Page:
In addition to this show, Treister has undertaken a series of interventions at The British Museum, Goethe Institute, Warburg Institute, Science Museum and Polish Hearth club. Mostly they take the form of drawings that replace portraits or objects; in each case the history of the venue provides a point of investigation or commentary. A drawing of Samuel Goldwyn, the famous Polish-born Hollywood producer, replaces one of an ex-chairman of the Polish Club. Although his name was on the Metro-Goldwyn-Mayer banner, he was not a partner in the corporation, but he plays a key role in Treister’s conspiracies, loosely connecting him to Stargate (an MGM film) and, by association, the US Army’s purportedly real, clairvoyant “remote viewing” project.
Meanwhile at the Warburg Institute, Hexen 2039 The Movie had a special screening. Filmed in a documentary style, it purports to delve into the research from Brodsky’s travels, with local art world luminaries, including dealer Antony Reynolds, portraying various “players” in Brodsky’s delusions. Treister’s work is truly a metafiction!
In her earlier years, she had been a sort of intellectual New Image painter. Even then she traced histories of some sort or other, all of which involved intricate pieces of research. What Rosalind Brodsky embodies, though, is a deep human desire to uncover mysteries and dream up fictional worlds. She also evokes a very common belief that there are forces greater than ourselves, be they spiritual or governmental, at work. Brodsky is an identity that acts as a machine through which Treister generates her art. This project is distinguished by its boisterous, seemingly irrational rigor, but what ultimately holds it together is the strength of Treister’s drawing.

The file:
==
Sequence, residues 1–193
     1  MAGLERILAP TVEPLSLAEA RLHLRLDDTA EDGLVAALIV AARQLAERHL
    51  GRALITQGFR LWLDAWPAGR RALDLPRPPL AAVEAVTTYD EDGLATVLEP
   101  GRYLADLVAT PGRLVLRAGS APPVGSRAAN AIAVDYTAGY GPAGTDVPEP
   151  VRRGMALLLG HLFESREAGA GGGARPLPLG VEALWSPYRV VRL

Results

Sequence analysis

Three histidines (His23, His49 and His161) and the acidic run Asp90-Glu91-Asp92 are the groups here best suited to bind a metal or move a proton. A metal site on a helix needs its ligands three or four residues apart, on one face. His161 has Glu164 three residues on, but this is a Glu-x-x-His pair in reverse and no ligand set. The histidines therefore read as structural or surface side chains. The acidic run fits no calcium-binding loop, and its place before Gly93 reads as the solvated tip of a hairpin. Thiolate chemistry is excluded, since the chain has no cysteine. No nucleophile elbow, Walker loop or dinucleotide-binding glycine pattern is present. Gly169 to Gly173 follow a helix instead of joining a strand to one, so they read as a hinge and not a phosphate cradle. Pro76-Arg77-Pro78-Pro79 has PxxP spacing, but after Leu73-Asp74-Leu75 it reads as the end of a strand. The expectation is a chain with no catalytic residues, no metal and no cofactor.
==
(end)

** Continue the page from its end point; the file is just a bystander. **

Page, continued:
Fischli and Weiss
Flowers and Questions,
a retrospective at Tate Modern
October 11, 2006–January 21, 2007
One of the more amusing recent pastimes at Tate Modern has been watching the reactions of viewers strolling through a room containing what looks cleverly like a Fischli and Weiss installation-in-progress. Created out of carved and painted polyurethane, it is conservative and avant-garde, serious and funny, underscoring the duo’s sense of mischief and taste for unmediated reality.
This retrospective presents some of their earliest collaborations, including a pair of films depicting the existential adventures of a rat and a bear (i.e., the artists playing dress-up), right up to recent black cast rubber sculptures of tree trunks and roots. In between, there are sixty cute and hilarious little vignettes created from unfired clay that, along with a famous series of photographs documenting the artists’ sausage sculptures (a car crash, fashion parade, scene from the film Moonraker), could be described as a frivolous approach to art-making. But these works instead seem to operate on the level of the absurd without the ballast of the tragic. It’s a fine line. Peter Fischli and David Weiss seem less concerned with “pondering” reality than they are with “capturing” reality. Their fantasy-colored photographs of airports and flowers, or videos of inanimate objects making pratfalls, or even a cat drinking milk seem, like the artist’s native Switzerland, serene, pretty and relatively unaffected by the turmoil of the outside world. Despite their sophisticated techniques, their art is in possession of a rare humility. It feels not only at a remove from the dark and cynical attitudes of most creative types, but appears to be joyously irony-free, which, in this day and age, seems a rare thing.
Sherman Sam is an artist and writer in London. His paintings can be seen in an exhibition opening this month at The Suburban in Chicago. He also holds the Inspire Fellowship at the Hayward Gallery.
Sherman Sam is a writer and artist based in London and Singapore.